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The joy of a good keyboard

My el cheapo all-plasic keyboard died to day in a bizarre accident involving cous-cous and chicken curry.

On my way home a stoped at a local "factory outlet" store where they sell mostly crap in all sizes and shapes, but to my surprise, I also found some solid keyboards. They were cheap, have metal bottom plate and really tactile keys.
I bought four of them. They are a joy to use.

I never realised it before actually, but clearly, the keybord is important to the general ergonomy. Not as important as a good chair or screen perhaps, but more so than the mouse I think.

I wont put food into these.

Eric Debois
Friday, April 16, 2004

"a bizarre accident involving cous-cous and chicken curry"

Sounds great!  I always love bizarre accidents.  Usually if told w/ the right amount of seriousness and detail, they are absolutely hysterical.

Friday, April 16, 2004

If you have never used an old IBM Selectric electric typewriter, try one. You will find out what a real keyboard is like!

Old Time Typist
Friday, April 16, 2004

Eric: Brand and model?

Ethan Herdrick
Friday, April 16, 2004

No brand, no model, just says made in china.  Like I said, I was surprised to find them in that store.

And elephant, the bizarre thing about this accident was that I dropped the keyboard into the food and not the other way around.

Eric Debois
Friday, April 16, 2004

Keep the ruined keyboard !  All my old ones are stored as emergency food supplies, in case of another national outsourcing disaster.

Joe Hendricks
Friday, April 16, 2004

And man, those Selectrics were built like friggin' TANKS.  I used to imagine that, after a nuclear apocalypse, the landscape would be reduced to piles of smoking rubble punctuated by intact IBM Selectrics here & there.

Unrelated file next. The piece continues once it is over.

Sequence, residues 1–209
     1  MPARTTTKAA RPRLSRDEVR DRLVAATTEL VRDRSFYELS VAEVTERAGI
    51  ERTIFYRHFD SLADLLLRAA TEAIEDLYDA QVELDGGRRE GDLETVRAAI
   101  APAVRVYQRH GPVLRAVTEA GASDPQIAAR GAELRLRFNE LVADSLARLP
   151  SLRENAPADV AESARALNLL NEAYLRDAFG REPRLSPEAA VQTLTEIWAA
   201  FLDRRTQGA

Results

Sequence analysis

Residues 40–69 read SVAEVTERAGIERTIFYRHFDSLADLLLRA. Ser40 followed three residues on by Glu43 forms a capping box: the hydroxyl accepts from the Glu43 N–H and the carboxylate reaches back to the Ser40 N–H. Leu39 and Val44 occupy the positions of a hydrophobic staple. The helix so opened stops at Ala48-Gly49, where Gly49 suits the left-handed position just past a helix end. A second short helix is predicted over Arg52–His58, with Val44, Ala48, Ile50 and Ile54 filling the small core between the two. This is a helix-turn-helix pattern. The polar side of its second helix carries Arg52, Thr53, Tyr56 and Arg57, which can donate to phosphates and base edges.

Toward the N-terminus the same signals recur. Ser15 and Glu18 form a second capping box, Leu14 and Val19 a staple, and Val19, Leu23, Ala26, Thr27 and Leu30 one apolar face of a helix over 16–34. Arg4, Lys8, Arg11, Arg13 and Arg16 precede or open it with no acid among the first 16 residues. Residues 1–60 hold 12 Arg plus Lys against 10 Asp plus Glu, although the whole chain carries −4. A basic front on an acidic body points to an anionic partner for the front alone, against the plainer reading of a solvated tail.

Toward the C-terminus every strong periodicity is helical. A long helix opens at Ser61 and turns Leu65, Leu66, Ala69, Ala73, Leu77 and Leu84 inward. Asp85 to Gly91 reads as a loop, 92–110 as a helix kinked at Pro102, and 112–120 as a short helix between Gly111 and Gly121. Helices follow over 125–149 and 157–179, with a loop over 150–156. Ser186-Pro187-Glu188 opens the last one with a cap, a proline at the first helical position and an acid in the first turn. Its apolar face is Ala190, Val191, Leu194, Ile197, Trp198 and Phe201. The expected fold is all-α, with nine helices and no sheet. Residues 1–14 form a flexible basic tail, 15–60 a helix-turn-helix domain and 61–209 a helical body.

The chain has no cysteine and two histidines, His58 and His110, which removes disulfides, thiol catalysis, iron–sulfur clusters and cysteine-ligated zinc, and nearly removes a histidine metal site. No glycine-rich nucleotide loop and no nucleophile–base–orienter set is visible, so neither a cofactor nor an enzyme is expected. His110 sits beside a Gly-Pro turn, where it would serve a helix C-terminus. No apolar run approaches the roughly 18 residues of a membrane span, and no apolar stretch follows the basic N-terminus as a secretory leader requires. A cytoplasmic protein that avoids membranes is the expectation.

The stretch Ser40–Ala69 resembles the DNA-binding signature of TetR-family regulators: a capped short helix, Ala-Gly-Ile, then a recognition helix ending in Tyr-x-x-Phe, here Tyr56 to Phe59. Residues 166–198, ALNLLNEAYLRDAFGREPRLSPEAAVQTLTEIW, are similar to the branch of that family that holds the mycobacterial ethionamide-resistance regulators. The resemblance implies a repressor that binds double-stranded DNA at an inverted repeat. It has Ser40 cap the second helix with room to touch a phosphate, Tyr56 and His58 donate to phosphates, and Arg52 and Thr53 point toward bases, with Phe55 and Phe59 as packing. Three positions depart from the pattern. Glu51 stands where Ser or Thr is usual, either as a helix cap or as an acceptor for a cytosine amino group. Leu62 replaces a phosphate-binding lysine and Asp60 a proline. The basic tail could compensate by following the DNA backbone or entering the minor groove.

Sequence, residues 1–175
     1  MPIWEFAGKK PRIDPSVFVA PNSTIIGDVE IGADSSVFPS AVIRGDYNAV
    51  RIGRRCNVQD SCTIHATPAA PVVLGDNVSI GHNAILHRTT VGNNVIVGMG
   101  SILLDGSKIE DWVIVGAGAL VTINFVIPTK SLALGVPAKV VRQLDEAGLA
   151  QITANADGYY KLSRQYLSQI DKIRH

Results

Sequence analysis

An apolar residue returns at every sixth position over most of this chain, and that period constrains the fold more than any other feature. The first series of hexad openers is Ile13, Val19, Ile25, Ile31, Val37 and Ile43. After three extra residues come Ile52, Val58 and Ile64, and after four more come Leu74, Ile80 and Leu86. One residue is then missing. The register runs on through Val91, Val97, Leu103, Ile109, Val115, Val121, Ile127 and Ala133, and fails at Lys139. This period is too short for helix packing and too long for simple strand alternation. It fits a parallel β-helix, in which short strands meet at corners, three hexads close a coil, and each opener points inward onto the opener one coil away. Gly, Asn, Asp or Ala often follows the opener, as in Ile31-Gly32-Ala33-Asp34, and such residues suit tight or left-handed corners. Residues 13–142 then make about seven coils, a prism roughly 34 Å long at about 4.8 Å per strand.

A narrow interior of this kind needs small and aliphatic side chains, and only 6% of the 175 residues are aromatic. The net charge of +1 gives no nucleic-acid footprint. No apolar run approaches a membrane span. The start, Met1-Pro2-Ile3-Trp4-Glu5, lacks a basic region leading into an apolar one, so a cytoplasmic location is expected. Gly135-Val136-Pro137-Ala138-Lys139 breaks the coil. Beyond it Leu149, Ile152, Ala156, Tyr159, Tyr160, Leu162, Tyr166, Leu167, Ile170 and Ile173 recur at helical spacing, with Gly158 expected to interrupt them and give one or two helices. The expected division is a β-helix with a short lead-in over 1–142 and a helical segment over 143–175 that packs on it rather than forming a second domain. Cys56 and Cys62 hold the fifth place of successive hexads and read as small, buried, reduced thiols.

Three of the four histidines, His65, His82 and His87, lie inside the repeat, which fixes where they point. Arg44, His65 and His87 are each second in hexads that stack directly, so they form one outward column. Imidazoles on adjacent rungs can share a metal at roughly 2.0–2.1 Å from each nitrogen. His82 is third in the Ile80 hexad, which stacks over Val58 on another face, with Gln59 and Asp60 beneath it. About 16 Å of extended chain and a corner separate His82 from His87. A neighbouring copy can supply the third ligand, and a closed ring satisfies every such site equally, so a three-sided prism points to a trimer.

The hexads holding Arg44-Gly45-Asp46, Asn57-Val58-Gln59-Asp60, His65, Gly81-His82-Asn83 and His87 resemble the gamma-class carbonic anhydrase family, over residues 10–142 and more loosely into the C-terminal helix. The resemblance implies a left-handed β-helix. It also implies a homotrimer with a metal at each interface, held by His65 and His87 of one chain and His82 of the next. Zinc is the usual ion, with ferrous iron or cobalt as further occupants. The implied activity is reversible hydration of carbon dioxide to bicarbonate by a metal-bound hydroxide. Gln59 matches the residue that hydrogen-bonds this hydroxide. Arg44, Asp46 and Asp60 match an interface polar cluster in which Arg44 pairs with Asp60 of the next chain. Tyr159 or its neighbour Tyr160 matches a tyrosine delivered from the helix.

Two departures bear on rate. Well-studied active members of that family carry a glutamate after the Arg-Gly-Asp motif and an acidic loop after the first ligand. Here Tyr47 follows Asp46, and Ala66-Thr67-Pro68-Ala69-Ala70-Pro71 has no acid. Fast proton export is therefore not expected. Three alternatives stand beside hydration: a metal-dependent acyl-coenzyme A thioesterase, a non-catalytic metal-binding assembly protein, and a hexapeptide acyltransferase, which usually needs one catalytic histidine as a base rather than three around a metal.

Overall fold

Ah, for the era of "good American machines": Zippo lighters, Checker cabs, DC-3s, Cross pens - stuff that just kept working & working & working...

- former car owner in Queens
Friday, April 16, 2004

The annoying thing about the above comment is that it is basicly true. Its not limited to american stuff either.
Something very fishy must have happend  to how stuff is engineered and manufactured during the 70's or so.

Actually, come to think of it "the good stuff" was probably built in the era where eletronic and mechnical engineering had been mastred, but before the introduction of digital/micro scaled electronics?

Eric Debois
Friday, April 16, 2004

I didn't mean to suggest that EVERYTHING from that era was great, or that only the US was/is capable of producing outstanding manufactured goods. 

The moniker "good American machines" came from an article in (IIRC) the short-lived and long-defunct US edition of GEO magazine (man, really showing my age there - circa early '80s) about a few things that exemplified the US industrial base at its best, and had attained the status of cultural icons.  The mention of the Selectric brought that article to mind.

- former car owner in Queens
Friday, April 16, 2004

For any of you looking for those classic 'click' IBM keyboards:

or more precisely:

I found them shortly after the death of my IBM PS/2 keyboard.  They are the real thing.

"Unicomp is a keyboard manufacturer located in the heart of Bluegrass Country, Lexington, Kentucky. Yes, we are a fairly new company; but if you know IBM or if you know Lexmark International, you already know a good bit about us. Unicomp was started in April, 1996 when we purchased keyboard technology from Lexmark International. You may recall that Lexmark manufactured the high quality keyboards for IBM computers and terminals prior to 1996. "

Friday, April 16, 2004

Or google for IBM Model M. 

Friday, April 16, 2004

A lot of the "good stuff" was just because plastics were flimsy back then, so there weren't many materials to use besides sheet metal. That's why Selectrics are so solid (and heavy as hell).

Friday, April 16, 2004